A volunteer group of after-dark pastors who work with the less fortunate said more love and understanding are needed to prevent people who abuse drugs from living transient and homeless lifestyles.
Seychelles’ Night Pastors, a volunteer Christian group, has been concentrating their work night ministry and providing basic necessities in the capital city of Victoria.
The group was founded four years ago and is an initiative of the Anglican Church of Seychelles and Victoria Howard, a UK-based Seychellois. Howard founded a similar organisation in west Cornwall, United Kingdom.
“Ministry of the night or street pastors are found all over the UK, Europe, Australia and even in Africa, in Nigeria to be precise,” explained Howard, who volunteers and works a lot with the homeless in her home city in England.
Howard adds: “We basically are serving God by serving others and doing what Jesus said, clothe the naked, house the homeless. Here I have had the first experience with working with sex workers and people who due to substance abuse are homeless.”
“Sesel Paster Lannwit” as it is known in Creole not only distribute basics such as food, water and care packs but also offers prayers and counselling to women and men found on the streets of the capital city at night. (Joe Laurence, Seychelles News Agency) Photo License: CC-BY
“Sesel Paster Lannwit” as it is known in Creole not only distribute basics such as food, water and care packs but also offers prayers and counselling to women and men found on the streets of the capital city at night.
Archdeacon Danny Elizabeth, chair of the board of the group, said “We go out when it is dark. In this darkness, many things happen. Some are visible whilst others are unseen. We meet and listen to untold stories and unheard cries for help. We pray with the needy. We encourage them ‘to get up’,” said Elizabeth, who added, “our joy is when someone says I had someone who lifted me up when I was down.”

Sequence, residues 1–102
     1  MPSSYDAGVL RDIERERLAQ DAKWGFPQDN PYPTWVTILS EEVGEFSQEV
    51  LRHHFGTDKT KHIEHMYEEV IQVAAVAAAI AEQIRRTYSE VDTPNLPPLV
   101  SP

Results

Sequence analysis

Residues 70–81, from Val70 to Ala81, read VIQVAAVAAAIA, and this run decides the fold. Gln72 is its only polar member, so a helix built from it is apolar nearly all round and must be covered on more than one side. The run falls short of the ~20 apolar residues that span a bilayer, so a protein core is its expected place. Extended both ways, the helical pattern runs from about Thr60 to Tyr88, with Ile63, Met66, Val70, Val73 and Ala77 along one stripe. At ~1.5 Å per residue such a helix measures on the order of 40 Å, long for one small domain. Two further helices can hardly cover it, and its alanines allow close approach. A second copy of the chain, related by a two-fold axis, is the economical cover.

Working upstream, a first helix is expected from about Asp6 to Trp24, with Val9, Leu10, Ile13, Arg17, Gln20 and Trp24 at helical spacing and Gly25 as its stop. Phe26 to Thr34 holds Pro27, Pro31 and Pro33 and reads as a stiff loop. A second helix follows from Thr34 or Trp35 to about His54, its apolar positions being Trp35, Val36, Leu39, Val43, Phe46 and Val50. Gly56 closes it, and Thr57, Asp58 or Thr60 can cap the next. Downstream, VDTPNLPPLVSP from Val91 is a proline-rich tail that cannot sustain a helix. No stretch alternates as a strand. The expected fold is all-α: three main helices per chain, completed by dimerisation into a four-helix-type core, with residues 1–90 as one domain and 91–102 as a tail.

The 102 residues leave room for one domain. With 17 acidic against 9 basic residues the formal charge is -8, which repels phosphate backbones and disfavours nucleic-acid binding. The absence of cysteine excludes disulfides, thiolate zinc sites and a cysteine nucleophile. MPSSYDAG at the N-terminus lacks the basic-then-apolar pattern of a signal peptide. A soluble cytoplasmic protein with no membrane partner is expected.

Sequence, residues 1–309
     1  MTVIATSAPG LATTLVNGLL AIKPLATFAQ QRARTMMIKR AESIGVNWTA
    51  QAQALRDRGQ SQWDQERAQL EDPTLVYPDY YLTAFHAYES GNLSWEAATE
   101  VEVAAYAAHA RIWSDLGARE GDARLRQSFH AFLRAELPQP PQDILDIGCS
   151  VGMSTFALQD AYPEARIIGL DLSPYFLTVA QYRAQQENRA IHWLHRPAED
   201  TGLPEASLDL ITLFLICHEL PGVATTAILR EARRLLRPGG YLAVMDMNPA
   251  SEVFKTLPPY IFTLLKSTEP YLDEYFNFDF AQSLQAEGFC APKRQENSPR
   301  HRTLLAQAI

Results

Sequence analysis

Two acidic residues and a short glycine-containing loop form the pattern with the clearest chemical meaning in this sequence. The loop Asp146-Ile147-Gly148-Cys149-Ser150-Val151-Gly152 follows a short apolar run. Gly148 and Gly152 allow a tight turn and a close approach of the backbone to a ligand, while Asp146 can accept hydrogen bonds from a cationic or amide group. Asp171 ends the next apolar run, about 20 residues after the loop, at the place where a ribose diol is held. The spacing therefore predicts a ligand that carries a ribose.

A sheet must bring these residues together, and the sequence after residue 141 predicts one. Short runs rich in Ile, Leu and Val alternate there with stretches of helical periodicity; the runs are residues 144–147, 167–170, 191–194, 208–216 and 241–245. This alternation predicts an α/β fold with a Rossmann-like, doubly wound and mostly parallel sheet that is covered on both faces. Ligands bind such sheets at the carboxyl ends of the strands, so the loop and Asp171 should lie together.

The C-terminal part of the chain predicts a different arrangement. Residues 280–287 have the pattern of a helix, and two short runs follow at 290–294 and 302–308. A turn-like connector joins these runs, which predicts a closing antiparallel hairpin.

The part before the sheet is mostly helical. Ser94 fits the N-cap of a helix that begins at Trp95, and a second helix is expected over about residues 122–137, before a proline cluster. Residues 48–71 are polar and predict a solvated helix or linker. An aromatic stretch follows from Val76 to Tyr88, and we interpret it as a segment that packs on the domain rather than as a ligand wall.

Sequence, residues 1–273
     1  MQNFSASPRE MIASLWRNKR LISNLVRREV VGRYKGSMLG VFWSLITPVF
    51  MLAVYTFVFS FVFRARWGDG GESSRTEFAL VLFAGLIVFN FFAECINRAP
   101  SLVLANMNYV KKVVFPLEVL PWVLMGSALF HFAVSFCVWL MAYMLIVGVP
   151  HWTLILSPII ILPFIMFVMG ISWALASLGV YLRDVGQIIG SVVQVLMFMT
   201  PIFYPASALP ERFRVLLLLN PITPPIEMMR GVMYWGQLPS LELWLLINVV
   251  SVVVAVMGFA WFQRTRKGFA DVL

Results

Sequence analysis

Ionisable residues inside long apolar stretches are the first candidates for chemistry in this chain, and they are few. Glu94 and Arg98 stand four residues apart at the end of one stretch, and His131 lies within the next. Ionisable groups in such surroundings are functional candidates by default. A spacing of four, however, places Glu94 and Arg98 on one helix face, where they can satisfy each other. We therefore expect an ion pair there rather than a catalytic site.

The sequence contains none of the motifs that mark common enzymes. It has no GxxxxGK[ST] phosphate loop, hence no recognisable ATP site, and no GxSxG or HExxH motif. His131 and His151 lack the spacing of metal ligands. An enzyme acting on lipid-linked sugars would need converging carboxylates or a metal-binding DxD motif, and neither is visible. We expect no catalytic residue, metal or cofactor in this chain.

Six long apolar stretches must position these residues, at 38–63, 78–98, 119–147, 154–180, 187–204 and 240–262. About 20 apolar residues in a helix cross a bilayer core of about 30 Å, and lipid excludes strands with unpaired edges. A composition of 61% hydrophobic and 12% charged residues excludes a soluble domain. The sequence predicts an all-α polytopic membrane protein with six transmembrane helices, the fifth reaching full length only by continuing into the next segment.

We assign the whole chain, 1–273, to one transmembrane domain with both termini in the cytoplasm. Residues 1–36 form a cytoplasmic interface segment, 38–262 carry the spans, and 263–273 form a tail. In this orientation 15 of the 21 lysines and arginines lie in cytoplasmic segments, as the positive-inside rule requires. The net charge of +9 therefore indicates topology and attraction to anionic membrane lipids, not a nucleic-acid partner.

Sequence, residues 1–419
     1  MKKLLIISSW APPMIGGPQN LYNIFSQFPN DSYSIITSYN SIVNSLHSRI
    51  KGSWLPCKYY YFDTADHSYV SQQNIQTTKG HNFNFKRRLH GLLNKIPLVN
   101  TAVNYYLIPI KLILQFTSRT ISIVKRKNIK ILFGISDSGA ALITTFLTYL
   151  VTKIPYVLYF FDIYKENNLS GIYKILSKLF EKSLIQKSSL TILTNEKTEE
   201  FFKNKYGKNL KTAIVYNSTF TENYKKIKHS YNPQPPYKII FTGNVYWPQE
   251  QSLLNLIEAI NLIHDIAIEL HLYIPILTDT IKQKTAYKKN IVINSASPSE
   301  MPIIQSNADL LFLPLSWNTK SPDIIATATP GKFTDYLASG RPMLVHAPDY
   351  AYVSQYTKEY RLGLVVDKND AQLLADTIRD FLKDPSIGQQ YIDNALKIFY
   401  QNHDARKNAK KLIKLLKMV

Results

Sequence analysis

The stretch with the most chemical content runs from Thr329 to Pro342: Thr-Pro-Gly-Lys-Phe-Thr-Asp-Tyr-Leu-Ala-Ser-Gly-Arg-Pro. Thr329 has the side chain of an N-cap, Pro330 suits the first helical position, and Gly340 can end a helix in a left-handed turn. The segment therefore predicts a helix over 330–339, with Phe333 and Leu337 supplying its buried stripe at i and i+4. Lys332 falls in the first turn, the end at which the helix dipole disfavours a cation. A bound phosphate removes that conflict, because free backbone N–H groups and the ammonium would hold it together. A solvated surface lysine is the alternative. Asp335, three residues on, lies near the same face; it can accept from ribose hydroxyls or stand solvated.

According to Howard, the sex workers are most difficult to work with compared to alcoholics and heroin addicts. “They never have time to listen as in their eyes, they are working, but nevertheless we do approach them and give them hygienic packs,” explained Howard.
Sonia (not her real name) is one person whose life has turned around since her encounter with the local night pastors last year.
“When I met the group, I was on the streets and had been involved in sex work before. I found myself on the street after a family member abandoned me. The group helped me to let go of my bitterness since my relative was no longer alive,” explained Sonia – currently in employment – who said she was very appreciative of Paster Lannwit’s counselling and prayers.
Howard, whose expertise has helped to create the group, is the daughter of Archdeacon Charles Roach, who worked with the Seychelles Anglican Diocese from 1951 to 1955.
Named after the capital city of the Seychelles – a group of 115 islands in the western Indian Ocean, Victoria Howard visits every year and participates actively in the night ministries which are held from 10 p.m to 2 a.m.
Named after the capital city of Seychelles, Victoria Howard visits every year and participates actively in the night ministries. (Joe Laurence, Seychelles News Agency) Photo License: CC-BY
“Since we started we have been working in town, but in the future, we want to decentralize our mission and work in other districts especially those bordering with Victoria,” said Howard.
Howard said that Seychelles’ Night Pastors currently has 50-plus members from both the Catholic and Anglican Churches. In the future, with the donation of a car, the charity hopes to transport the homeless to the night shelter or even if there is the need, to the shelter for abused women.
The group has also welcomed the ban on the sale of alcohol in Market Street, which is a hot spot in the capital city.
Elizabeth said that Seychelles Night Pastors’ vision is that “more people of faith can step out of their comfort zone and help the needy in the community.”
Source: Seychelles News Agency